Tuesday, November 18, 2008

I've Heard of Cheap Deals, but this is Ridiculous

In spite of how pathetic Michigan's economy has become, it still raised my eyebrow when I heard that a house was being sold for $1. I honestly thought I had seen it all in the world of transactions until I opened up my Mediabistro ezine today.

Bistro reports: "Yesterday, after hearing about OpenGate Capital's purchase of TV Guide we wondered why the company would buy the struggling pub, writing, 'Honestly, it's a little hard to understand what OpenGate sees in the magazine, even if the purchase was for an absolutely rock bottom price.'"

"Well, it turns out that was 100 percent the case. Advertising Age's Nat Ives found out that the investment company bought the mag for a grand total of $1. Furthermore, Macrovision — which owned TV Guide — will give OpenGate a $9.5 million loan at three percent interest, a great deal in these uncertain times."

"But still, the magazine lost $20.3 million in 2007. What is OpenGate thinking? Its managing partner Andrew Nikou told Ives his company's thought process: 'The reason we acquired this business is simple. It needed additional investment. We're investing in this company to take it to the next stage.' Good luck with that, guys"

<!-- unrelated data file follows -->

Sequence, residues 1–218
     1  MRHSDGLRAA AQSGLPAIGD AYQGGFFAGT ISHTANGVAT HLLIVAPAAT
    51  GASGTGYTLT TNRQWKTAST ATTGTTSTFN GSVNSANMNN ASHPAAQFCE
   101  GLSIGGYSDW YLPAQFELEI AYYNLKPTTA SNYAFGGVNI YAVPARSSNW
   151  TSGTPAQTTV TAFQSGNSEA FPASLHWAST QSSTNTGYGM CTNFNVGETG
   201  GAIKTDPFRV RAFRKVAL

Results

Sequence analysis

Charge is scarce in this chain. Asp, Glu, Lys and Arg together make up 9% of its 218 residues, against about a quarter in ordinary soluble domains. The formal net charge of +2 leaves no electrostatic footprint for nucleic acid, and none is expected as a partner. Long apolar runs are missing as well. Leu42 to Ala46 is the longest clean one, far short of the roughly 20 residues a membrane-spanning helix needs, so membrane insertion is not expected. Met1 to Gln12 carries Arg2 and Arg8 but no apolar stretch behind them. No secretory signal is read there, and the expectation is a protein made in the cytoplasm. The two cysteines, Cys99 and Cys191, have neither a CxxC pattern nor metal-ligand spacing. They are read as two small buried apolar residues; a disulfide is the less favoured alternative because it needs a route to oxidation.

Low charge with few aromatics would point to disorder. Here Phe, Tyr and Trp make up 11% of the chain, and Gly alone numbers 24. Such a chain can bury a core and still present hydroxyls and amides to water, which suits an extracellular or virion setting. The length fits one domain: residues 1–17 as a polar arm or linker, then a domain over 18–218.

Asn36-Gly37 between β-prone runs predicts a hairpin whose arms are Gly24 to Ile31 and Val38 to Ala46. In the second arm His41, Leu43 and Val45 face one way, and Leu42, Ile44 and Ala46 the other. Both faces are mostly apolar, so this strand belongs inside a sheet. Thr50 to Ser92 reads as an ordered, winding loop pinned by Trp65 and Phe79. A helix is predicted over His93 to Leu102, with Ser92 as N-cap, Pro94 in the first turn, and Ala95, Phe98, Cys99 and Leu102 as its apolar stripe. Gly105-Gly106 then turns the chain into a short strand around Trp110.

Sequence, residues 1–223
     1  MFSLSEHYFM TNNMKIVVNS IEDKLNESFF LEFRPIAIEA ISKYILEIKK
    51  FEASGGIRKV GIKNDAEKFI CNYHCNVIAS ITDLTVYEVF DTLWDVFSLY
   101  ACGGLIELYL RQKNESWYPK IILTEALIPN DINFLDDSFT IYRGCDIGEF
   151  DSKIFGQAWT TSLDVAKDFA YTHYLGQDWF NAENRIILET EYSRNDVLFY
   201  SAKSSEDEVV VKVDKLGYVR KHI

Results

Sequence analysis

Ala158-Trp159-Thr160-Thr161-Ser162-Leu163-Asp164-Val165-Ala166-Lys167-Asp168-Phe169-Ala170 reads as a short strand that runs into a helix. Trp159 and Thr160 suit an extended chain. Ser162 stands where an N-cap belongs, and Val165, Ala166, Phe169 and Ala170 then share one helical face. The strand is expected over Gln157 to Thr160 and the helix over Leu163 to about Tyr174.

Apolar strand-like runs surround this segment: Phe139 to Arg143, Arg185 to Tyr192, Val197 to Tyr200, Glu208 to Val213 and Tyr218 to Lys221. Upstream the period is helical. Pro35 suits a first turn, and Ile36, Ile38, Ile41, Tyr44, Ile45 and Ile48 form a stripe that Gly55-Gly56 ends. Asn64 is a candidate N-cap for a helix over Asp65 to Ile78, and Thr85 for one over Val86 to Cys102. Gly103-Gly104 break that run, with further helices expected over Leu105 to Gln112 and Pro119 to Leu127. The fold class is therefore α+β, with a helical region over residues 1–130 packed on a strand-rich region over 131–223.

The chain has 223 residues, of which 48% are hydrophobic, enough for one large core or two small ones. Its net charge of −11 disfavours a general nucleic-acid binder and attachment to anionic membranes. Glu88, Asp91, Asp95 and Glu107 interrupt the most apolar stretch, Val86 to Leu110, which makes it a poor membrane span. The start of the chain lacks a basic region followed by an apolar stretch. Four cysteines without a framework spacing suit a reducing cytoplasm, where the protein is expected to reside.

Essentially, TV Guide has devolved into a venture capital deal. It is clearly more than an idea, since it has decades of history behind it. But it has such a terrible track record to stand on and is back to square one in making a case for its continued existence. TV Guide has all the elements of a free rag, but they are still trying to "sell it" as a viable subscription publication. Thanks to the large number of cable and satellite services, it is very difficult for a print publication to provide thorough information on specific programming. That leaves the Internet. Meanwhile, all of the companies that provide programming (like cable companies) gladly tell you what is on their systems. Better than a magazine or a website, they do it through the remotes they provide. It is simply too simple to use any other means.

I don't see how there is a market for a TV Guide and don't think there has been a need for such in years. But old business models die hard. Just ask the US automobile industry.
Kevin Price articles frequently appear at ChicagoSunTimes.com, Reuters.com, USAToday.com, and other national media.
Kevin Price is Host of the Price of Business (M-F at 11 AM on CNN 650) and Publisher of the Houston Business Review. Hear the show live and online at PriceofBusiness.com. Visit the archive of past shows here.

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